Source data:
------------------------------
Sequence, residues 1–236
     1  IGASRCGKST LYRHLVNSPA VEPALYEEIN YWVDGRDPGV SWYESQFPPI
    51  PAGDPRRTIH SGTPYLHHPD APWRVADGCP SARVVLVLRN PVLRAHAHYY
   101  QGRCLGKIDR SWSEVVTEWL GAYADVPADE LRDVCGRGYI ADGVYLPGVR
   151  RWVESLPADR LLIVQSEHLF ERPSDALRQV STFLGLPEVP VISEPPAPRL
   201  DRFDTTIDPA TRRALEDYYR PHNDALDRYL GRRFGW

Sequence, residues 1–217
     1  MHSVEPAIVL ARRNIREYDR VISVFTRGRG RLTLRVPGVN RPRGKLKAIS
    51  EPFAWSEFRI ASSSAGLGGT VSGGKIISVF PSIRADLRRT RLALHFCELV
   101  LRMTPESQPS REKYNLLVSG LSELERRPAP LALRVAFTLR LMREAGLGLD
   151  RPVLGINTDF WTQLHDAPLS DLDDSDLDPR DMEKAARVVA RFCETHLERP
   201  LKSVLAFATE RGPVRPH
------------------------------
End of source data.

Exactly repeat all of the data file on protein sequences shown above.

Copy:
Sequence, residues 1–236
     1  IGASRCGKST LYRHLVNSPA VEPALYEEIN YWVDGRDPGV SWYESQFPPI
    51  PAGDPRRTIH SGTPYLHHPD APWRVADGCP SARVVLVLRN PVLRAHAHYY
   101  QGRCLGKIDR SWSEVVTEWL GAYADVPADE LRDVCGRGYI ADGVYLPGVR
   151  RWVESLPADR LLIVQSEHLF ERPSDALRQV STFLGLPEVP VISEPPAPRL
   201  DRFDTTIDPA TRRALEDYYR PHNDALDRYL GRRFGW

Sequence, residues 1–217
     1  MHSVEPAIVL ARRNIREYDR VISVFTRGRG RLTLRVPGVN RPRGKLKAIS
    51  EPFAWSEFRI ASSSAGLGGT VSGGKIISVF PSIRADLRRT RLALHFCELV
   101  LRMTPESQPS REKYNLLVSG LSELERRPAP LALRVAFTLR LMREAGLGLD
   151  RPVLGINTDF WTQLHDAPLS DLDDSDLDPR DMEKAARVVA RFCETHLERP
   201  LKSVLAFATE RGPVRPH